The southern African region could benefit from funding from Brics bank and it was important for bank’s projects to consider the intertwined nature of the countries in the region, Finance Minister Tito Mboweni said on Monday.
The Brics bank is formally known as the New Development Bank.
Mboweni said that the bank, which focuses on financing infrastructure development, needed to look at funding projects in the broader southern African regional context.
“When you are looking at projects in the southern African region – look at them in the southern African context because of the intertwined nature of the countries,” he told delegates at the Cape Town International Convention Centre where the bank is holdings its fourth annual meeting of its member countries, which are Brazil, Russia, India, China and South Africa.
Up to now, it has largely funded projects in South Africa or projects with a significant South African interest such as the Lesotho Highlands Water Project.
The projects that Mboweni identified that could benefit from funding included fixing the Kariba dam wall between Zimbabwe and Zambia as well as the Iga hydroelectric project in the Democratic Republic of Congo.
Mboweni, who is also chairperson of the bank’s board of governors, said the lack of infrastructure in Mozambique was reflected by the way disaster management, as a result of Cyclone Idai, was being dealt with in the country.
Read: Beira residents salvage what’s left after Cyclone Idai rips through the city
Calls for the Brics bank to expand its membership grow
Two of the five countries that make up the Brics bank on Monday called for an expansion of the bank’s membership beyond its existing five founder members.
India’s finance secretary Subhash Chandra Garg said during the opening ceremony that the bank “has come of age”.
He called for the bank to move from financing its’ five members to financing the world.
“It is now the Brics’ role and responsibility to finance and contribute to the development of the entire world. The Group of Seven countries played this role for many years. I think the time has come for the Brics to play that role for the development of the world. Therefore, I think we should expand our membership going forward.”
Marcos Troyjo, Brazil’s deputy minister for foreign trade and international affairs, also backed the idea of expanding the membership of the bank beyond the existing five members: Brazil, Russia, India, China and South Africa.
The bank, which is headquartered in Shanghai, has opened a regional office in Johannesburg to access South Africa and Africa as a whole.
Garg said additional regional offices were set to be opened in Brazil, Russia and India. Troyjo said that the Brazil office was likely to be opened in the city of Sao Paulo.
As part of the opening ceremony, loan agreements were signed with the Development Bank of Southern Africa for greenhouse gas emissions reduction and energy sector development and also signed loan agreements with Eskom for a renewable energy and transmission project.
The bank agreed to loan Eskom $180 million (about R2.5 billion) to connect 670MW of renewable energy projects to the national grid.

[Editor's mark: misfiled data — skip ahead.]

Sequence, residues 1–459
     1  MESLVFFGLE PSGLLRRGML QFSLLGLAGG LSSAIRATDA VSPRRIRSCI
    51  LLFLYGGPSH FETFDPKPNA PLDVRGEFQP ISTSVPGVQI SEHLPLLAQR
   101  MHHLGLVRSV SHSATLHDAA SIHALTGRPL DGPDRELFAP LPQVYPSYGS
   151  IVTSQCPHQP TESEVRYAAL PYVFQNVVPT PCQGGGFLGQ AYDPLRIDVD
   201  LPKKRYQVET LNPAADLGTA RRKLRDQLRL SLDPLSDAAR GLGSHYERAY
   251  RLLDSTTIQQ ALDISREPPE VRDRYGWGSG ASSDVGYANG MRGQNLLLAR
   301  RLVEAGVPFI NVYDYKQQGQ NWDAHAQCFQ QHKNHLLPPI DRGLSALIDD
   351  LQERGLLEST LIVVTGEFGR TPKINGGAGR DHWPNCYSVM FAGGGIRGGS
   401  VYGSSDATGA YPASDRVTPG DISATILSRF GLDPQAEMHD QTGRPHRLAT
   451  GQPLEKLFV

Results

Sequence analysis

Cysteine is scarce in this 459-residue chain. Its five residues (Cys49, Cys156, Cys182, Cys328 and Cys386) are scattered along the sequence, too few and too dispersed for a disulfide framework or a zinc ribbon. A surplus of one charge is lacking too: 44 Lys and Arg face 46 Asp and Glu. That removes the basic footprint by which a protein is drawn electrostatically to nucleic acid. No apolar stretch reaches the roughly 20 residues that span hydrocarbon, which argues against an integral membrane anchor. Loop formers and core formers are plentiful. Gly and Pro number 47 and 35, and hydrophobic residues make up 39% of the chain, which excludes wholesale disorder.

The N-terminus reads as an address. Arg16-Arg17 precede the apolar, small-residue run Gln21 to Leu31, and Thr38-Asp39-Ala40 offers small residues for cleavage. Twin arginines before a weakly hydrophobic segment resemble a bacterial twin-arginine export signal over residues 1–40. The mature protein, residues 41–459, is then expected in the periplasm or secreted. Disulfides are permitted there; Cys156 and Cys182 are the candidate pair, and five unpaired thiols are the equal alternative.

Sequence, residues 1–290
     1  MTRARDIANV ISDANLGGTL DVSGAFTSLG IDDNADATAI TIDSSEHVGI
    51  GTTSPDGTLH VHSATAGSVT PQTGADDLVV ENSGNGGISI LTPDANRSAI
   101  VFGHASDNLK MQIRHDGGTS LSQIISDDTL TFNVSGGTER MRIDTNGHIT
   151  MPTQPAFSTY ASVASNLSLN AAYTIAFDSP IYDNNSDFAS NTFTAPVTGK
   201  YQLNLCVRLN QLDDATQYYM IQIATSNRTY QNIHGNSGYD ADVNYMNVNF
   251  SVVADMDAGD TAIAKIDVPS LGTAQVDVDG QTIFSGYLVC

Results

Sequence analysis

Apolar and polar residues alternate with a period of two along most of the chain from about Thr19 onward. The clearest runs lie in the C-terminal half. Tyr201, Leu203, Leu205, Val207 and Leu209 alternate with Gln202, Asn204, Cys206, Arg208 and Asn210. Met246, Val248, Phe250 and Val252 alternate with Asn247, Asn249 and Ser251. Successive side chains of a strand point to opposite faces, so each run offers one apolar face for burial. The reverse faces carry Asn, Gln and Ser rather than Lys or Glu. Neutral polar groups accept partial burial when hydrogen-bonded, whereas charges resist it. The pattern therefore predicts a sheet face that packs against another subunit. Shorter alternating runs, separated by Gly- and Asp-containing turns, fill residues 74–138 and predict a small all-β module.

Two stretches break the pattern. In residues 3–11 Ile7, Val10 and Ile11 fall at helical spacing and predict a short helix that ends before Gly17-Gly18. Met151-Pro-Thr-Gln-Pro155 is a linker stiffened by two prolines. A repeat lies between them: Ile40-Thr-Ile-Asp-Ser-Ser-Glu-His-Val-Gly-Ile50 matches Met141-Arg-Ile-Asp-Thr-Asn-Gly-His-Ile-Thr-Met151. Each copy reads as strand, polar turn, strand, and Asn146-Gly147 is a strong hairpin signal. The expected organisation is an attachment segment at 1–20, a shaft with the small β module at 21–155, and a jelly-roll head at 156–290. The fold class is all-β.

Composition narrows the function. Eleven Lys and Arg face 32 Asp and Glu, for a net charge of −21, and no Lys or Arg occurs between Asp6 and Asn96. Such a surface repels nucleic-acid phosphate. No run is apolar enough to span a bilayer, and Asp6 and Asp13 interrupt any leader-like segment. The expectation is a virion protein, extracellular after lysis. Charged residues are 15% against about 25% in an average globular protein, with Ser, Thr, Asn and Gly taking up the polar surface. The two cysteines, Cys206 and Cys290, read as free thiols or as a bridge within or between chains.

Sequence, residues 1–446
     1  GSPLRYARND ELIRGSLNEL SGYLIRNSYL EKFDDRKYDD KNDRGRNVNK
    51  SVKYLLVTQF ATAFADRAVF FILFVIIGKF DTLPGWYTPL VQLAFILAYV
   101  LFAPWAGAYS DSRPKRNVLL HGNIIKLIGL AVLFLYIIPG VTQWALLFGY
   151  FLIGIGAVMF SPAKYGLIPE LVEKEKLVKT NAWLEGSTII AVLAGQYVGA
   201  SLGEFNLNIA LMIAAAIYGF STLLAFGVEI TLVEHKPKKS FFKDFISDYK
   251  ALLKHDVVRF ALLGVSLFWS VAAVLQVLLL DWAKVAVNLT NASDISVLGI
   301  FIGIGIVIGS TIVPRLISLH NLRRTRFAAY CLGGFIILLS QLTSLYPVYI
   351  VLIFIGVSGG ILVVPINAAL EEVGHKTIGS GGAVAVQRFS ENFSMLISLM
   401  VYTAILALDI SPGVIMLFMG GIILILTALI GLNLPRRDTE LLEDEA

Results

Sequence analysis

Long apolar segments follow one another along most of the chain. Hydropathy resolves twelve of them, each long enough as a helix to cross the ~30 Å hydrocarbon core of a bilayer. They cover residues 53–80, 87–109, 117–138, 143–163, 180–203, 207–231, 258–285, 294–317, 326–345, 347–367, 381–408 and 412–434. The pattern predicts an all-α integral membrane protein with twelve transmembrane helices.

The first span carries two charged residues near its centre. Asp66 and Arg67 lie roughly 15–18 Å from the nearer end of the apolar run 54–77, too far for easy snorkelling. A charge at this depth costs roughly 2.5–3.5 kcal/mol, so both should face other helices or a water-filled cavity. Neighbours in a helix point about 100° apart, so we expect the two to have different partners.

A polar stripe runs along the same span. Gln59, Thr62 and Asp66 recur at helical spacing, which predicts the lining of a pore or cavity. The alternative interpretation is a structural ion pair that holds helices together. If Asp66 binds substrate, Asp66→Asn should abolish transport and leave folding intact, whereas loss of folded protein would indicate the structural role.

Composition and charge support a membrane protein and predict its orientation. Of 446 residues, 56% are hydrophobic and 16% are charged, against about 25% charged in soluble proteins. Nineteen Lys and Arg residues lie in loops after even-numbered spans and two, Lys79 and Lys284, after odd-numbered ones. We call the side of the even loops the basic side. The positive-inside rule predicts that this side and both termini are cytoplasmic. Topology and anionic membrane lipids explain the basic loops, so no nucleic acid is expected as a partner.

The New Development Bank’s president Kundapur Vaman Kamath said that the bank had loaned South Africa $680 million and on Sunday the bank approved more loans for South Africa totalling $790 million.
The bank expected loans to South Africa to grow to $2.3 billion, he said.
In 2018, the bank funded 17 projects via loans to its member countries to bring the total amount loaned to $8 billion covering 30 projects.
Kamath said the bank was looking to double its total amount loaned to $16 billion.
He said that 80% of the bank’s lending focused on transport, green energy as well as water and sanitation.
Minister of Higher Education and Training Naledi Pandor, who delivered the opening address at the bank’s annual meeting, said that African economic growth had lagged its recent high levels due to the commodity downswing.
“African remains the second fastest growing region in the world after developing Asia. Consequently, the continent is attracting increasing interest and investment from the international financial community,” she said.
However, despite this interest, nine out of 10 of the world’s extremely poor lived in sub-Saharan Africa, Pandor said.
“We need to start thinking about what it will take for Africa to improve its odds of overcoming poverty much faster in the next decade.”
Pandor said that African needed to improve its domestic resource mobilisation.
“It makes no sense for us to expect that donor countries will find our initiatives interesting without us increasing our efforts to secure resources in our own environment.”
To attract more investment, Pandor suggested that local tax law and other financial regulation needed to be improved.
“Being overly reliant on financial aid from developed countries – places the continent development agenda at the mercy of business cycles.”
However, Pandor also raised the issue of capital flight eroding Africa’s ability to improve the lot of the people of the continent.
Between 2000 and 2010, the continent is reported to have lost $510.9 billion through capital flight, she said.
“For us as in South Africa, investment in infrastructure and infrastructure projects have been identified as critical areas of policy action.”
The bank is holding its annual meeting in Cape Town on Monday and Tuesday.
This is the first time that the bank is holding its annual meeting in South Africa. Previous meetings were held in Shanghai and New Delhi.